Amazon faces anti-trust lawsuit in US capital for unfair trade practices

Plaintiff is accusing the company of suppressing competition from other online retail sales platforms

(FILES) In this file photo the logo of US online retail giant Amazon is seen at the distribution center in Staten Island on March 30, 2020 in New York. The attorney general for the US capital city Washington sued Amazon on May 25, 2021 on antitrust grounds, claiming the tech giant abuses its dominant position in online retail sales. The suit filed by the office of Attorney General Karl Racine alleges that Amazon's control of 50 to 70 percent of US e-commerce sales results in higher consumer prices. / AFP / Angela Weiss
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E-commerce company Amazon is being sued by the office of the Attorney General of Washington, DC, for reportedly using its dominant market position to stifle competition from other platforms, such as eBay, Walmart and even the websites of third-party sellers.

The company's anti-competitive practices have raised prices for  consumers, Karl Racine, the attorney general for Washington, DC, said.

“Amazon’s online retail sales platform benefits from, and is protected by, Amazon’s anti-competitive business practices,” the complaint said.

“Far from enabling consumers to obtain the best products at the lowest prices, Amazon instead causes prices across the entire online retail sales market to be artificially inflated, both for products sold on Amazon’s online retail sales platform and on its competitors’ online retail sales platforms.”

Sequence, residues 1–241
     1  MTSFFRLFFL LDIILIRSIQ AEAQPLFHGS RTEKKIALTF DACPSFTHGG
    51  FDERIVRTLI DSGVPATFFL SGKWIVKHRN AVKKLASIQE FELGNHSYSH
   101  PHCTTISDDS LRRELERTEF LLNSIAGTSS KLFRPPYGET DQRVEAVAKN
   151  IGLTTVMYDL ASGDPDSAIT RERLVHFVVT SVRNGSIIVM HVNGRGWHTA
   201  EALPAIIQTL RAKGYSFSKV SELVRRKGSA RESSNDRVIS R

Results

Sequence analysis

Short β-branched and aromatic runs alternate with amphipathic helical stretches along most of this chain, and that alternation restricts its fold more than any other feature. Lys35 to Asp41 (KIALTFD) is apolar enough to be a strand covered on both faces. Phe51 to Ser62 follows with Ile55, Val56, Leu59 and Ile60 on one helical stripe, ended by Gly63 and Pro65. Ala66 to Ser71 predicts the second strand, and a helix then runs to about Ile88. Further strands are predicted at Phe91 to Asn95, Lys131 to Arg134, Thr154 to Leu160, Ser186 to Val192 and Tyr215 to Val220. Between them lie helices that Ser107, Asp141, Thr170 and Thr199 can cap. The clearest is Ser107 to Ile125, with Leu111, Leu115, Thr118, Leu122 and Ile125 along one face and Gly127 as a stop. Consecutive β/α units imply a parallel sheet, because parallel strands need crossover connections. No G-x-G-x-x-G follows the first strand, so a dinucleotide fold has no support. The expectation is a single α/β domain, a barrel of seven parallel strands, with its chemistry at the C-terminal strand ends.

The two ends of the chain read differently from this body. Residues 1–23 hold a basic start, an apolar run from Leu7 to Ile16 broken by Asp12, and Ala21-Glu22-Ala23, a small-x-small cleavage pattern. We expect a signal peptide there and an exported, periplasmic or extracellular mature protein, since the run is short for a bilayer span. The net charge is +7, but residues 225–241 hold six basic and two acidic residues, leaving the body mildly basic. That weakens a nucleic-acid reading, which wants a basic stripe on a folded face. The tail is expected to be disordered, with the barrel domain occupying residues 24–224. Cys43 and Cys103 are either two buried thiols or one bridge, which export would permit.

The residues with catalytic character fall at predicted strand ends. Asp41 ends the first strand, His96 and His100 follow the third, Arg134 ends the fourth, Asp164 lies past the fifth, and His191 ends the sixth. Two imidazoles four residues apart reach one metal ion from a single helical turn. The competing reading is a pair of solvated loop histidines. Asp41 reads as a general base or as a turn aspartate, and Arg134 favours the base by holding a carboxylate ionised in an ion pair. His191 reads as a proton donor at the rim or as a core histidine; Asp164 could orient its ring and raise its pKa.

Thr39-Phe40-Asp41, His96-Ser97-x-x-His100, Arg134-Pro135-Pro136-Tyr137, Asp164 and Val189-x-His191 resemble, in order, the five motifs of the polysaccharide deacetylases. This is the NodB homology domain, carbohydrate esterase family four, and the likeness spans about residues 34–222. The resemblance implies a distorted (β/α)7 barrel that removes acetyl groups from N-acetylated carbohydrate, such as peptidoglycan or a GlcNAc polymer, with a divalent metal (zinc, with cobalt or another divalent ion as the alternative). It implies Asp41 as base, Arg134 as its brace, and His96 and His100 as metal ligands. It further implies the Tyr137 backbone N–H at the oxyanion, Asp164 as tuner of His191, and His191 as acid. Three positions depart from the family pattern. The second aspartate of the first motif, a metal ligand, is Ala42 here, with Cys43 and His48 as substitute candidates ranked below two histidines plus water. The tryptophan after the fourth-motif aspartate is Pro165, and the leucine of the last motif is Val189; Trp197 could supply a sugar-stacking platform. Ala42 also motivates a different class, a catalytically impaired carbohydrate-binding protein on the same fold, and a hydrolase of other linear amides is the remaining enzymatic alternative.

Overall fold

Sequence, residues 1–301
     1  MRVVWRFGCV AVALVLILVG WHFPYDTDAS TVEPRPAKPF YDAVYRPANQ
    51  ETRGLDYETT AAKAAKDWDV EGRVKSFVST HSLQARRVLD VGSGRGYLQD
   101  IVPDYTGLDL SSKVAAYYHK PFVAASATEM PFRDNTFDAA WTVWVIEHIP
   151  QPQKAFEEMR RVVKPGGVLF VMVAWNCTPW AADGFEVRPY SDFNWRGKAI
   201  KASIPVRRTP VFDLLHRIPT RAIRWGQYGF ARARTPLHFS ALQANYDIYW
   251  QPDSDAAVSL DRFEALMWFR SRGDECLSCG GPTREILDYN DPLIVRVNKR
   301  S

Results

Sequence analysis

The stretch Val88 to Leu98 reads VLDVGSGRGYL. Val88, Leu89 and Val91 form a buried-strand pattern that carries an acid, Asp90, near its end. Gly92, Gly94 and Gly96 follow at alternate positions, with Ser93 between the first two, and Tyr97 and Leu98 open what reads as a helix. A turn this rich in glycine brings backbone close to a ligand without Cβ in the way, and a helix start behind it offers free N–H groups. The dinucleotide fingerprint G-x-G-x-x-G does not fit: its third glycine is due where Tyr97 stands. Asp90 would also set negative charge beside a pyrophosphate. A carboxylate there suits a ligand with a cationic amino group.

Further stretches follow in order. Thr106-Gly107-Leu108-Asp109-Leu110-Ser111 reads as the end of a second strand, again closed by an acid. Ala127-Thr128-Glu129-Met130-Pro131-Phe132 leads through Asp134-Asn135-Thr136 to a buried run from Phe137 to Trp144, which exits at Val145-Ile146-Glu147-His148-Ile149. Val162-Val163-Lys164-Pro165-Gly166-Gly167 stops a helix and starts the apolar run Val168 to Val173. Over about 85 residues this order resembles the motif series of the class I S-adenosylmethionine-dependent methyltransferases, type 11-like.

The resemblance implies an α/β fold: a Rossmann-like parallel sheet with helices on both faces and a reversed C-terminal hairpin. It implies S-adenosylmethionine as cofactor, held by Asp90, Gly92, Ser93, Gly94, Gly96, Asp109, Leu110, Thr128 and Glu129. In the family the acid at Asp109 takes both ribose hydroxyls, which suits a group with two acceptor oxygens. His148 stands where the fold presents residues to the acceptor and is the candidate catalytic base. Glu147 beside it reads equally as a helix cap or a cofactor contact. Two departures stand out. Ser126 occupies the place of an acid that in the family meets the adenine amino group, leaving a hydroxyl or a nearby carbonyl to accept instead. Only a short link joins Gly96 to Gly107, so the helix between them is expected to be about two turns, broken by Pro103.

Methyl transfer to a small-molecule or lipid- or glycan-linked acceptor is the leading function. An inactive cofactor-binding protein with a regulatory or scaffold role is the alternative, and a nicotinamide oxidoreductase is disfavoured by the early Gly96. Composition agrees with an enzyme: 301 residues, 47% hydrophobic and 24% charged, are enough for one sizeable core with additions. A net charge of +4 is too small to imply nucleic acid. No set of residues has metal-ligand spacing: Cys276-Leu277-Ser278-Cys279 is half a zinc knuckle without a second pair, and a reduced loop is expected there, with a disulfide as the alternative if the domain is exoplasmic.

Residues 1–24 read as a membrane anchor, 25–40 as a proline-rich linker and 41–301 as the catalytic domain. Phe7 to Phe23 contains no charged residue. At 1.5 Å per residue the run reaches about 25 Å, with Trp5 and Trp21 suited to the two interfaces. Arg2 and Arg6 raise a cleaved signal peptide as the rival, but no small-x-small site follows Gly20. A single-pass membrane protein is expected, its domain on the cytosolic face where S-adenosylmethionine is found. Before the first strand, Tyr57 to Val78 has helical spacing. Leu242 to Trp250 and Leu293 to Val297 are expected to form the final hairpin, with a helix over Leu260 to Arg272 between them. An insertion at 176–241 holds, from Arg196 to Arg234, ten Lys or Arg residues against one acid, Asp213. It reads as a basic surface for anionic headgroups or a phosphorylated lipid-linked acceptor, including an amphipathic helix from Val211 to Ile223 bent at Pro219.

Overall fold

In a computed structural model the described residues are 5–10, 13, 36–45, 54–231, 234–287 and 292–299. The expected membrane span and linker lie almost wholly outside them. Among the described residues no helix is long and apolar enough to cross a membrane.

Amazon, the world’s largest online retailer, controls between 50 per cent and 70 per cent of all online retail sales in the US. It holds an even larger market share of multi-seller online retail platforms including Walmart and eBay, the lawsuit said.

The third-party sellers were forced to incorporate Amazon’s high fees and costs into their product prices not only when selling on the Seattle company's platform, but also when selling across the entire online retail sales market, according to the lawsuit.

Amazon's first-quarter revenue this year rose 44 per cent to $108.5 billion as the Covid-19 pandemic boosted online shopping globally.

“Amazon has used its dominant position in the online retail market to win at all costs. It maximises its profits at the expense of third-party sellers and consumers forced to pay artificially high prices, while harming competition and innovation and illegally tilting the playing field,” Mr Racine tweeted on Tuesday.

“We filed this anti-trust lawsuit to put an end to Amazon’s illegal control of prices across the online retail market. We need a fair online marketplace that expands options available to district residents and promotes competition, innovation and choice."

Products sold on Amazon’s online retail sales platform fall into two categories. One is the resale of products from other vendors and the other is allowing third parties to sell through its platform.

There are more than two million sellers in the US who use Amazon’s online platform to sell their products.

The anti-competitive impact of the company’s conduct is compounded by a complex scheme of fees and extra charges, sometimes equalling up to 40 per cent of the total product price, which Amazon imposes on third-party sellers on its platform, the complaint said.